La Biennale di Venezia 57: Part IV - Lebanon Pavilion : “ŠamaŠ - Soleil Noir Soleil"
"La Biennale di Venezia 57. Three Pavilions from the Arsenale: Lost and Found"
Now through November 26th, 2017
Highlights from the 57th Venice Biennale
There is a universe of art to discover in Venice. Don’t have that six months to spend there to see it all, let alone, the sprawling Arsenale? Here, you will find a focused selection of the most pertinent national pavilions currently at the Arsenale.
Cohesive and quite surprising at times, it was the Lebanese pavilion that, literally, ‘spoke’ to me. “Šamaš: Soleil Noir Soleil,” a multimedia installation by artist Zad Moultaka and curated by Emmanuel Daydé is a pavilion turned sanctuary that takes your breath away.
“ŠamaŠ,” a palindrome name, was the ancient Babylonian's god of the sun and justice (2nd millennium BC). Spoken words in various languages (Arab, French, English) popping out of a stereophonic “procession” of 32 Klipsch loud speakers in pure darkness sent chills up and down my spine. The mysterious chants were unknown to me, yet familiar. The repetitive hym is apparently a praise to the revered sun god. Perfectly timed and in harmony with 32 more Klipsch speakers from a centrepiece sculpture, a giant Rolls-Royce MK 209 bomber engine from the 1950s, in the invisible darkness of the large hall, was illuminated sporadically while reciting a “Lamentation for the ruin of UR (2000 BC)” by three children.” It’s flashing appearance was like a totem from a ritual.
“(…) children lying in their mother’s lap, are swept away by the waters like fish (…).”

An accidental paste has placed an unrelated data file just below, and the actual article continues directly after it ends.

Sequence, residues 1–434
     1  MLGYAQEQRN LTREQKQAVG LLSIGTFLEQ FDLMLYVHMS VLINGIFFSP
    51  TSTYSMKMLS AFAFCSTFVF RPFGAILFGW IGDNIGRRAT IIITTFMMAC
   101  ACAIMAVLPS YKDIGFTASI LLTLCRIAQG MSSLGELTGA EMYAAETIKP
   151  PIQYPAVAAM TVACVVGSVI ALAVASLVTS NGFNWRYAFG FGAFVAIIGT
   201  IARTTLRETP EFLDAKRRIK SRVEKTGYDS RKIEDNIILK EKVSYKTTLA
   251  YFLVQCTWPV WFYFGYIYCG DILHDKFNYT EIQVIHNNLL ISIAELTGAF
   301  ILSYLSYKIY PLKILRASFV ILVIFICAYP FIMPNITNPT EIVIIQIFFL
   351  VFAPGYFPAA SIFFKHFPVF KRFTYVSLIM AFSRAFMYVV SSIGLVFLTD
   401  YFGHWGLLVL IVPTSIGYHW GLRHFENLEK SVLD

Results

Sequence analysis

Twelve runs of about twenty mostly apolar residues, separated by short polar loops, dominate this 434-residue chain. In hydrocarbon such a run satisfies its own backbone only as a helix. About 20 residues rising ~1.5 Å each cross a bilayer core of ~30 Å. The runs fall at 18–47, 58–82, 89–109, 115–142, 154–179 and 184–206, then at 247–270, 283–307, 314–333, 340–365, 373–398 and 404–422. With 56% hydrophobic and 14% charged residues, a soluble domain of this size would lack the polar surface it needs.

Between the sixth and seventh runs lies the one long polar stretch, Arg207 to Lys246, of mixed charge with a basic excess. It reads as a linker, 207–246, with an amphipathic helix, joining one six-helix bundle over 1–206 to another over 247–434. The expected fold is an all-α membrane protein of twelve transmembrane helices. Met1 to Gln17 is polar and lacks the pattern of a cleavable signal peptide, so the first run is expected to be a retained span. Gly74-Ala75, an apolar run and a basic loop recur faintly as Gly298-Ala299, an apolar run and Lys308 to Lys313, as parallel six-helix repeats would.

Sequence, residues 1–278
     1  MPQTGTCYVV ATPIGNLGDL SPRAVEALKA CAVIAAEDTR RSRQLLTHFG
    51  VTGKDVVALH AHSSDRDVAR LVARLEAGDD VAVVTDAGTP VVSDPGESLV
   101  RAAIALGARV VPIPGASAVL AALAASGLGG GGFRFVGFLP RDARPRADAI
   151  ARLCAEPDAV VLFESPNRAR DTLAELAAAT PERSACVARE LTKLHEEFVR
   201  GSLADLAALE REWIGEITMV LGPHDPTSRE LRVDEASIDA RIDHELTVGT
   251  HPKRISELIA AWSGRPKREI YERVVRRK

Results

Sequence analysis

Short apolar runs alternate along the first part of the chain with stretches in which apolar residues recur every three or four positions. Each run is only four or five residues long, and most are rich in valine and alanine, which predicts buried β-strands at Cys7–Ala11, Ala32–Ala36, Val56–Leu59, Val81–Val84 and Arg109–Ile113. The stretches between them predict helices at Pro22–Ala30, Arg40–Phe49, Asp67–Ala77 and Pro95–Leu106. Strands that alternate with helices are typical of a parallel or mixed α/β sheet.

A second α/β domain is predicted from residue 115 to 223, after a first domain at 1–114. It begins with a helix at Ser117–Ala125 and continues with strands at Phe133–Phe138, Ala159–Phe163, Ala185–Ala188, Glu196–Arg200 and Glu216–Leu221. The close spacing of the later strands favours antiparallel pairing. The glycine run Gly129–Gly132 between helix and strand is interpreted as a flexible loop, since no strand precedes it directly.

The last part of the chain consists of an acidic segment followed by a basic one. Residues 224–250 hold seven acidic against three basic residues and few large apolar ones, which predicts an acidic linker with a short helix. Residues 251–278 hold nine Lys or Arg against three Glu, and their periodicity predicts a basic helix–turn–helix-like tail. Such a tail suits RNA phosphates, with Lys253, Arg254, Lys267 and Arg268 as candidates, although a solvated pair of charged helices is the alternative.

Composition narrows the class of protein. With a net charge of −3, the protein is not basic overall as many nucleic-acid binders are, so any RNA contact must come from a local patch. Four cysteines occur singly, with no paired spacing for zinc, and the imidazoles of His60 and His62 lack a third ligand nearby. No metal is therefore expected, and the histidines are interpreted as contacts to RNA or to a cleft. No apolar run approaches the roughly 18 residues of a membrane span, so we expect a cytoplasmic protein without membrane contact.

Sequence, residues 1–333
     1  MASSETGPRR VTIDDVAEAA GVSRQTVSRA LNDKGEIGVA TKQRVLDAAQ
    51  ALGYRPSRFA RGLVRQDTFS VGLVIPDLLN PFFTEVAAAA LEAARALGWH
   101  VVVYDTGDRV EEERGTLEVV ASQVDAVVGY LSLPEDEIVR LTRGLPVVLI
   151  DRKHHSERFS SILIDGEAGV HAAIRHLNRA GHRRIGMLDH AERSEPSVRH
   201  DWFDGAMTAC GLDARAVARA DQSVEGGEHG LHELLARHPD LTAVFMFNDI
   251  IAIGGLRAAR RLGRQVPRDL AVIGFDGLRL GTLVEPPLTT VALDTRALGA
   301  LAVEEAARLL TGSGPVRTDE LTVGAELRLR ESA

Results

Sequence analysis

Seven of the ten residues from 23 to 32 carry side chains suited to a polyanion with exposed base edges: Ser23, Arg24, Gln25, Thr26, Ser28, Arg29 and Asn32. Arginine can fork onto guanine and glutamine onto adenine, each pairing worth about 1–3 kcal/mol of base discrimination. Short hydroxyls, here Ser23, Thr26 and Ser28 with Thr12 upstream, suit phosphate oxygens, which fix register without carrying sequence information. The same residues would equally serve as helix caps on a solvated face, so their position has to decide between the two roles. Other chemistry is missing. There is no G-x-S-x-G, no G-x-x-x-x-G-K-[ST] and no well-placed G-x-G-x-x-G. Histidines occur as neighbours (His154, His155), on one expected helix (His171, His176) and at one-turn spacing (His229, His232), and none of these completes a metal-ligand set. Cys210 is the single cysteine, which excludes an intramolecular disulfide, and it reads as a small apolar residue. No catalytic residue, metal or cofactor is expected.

At the rear of the space, spawning from the darkness on an 18 meter ginormous wall was an equally grand composition of sparkling metals. Way over 100,000 Lebanese coins plotted out to form a symbolic composition of
sorts, shining when momentarily illuminated. Above, yet another set of 32 speakers for “32 celestial voices: 12 seconds of a fighter plane slowed down 40 times” gives the same feeling of when you fall from great heights and the stomach tends to implode. It was as if I gasped for breath during a long drop. Boom! 96 speakers. Now that is some concert.
The installation of dark matter merged with the occasional bath of shining light on coin money invigorates the soul, but also displays the truth: a magical, if not haunting clarity on an ancient Arabic prophesy of the apocalypse, and the “Code d’Hammourabi” which was engraved on an ancient 4000 year old stele in what was Babylonia, defining a set of laws for human civilisation, revealed. At present, the installation is a brooding response to the toils of human conflict and the obsession with a treasury, leading to eventual darkness. I was quite moved by the poetic and hallucinating voices, the whispers and whims, the breathtaking sounds and the visually perplexing installation of shining coins, all combined to offer an accurate metaphor of warfare and survival, the struggle of money and humanity, or an ongoing battle of battles.
Upon departing the darkness and sporadic illumination of the vast hall, I exited this “Temple” of dark and light and entered the reality of the intense Venetian sun and felt hopeful once again that a peaceful time was coming in and around the world, but not going away steadfastly.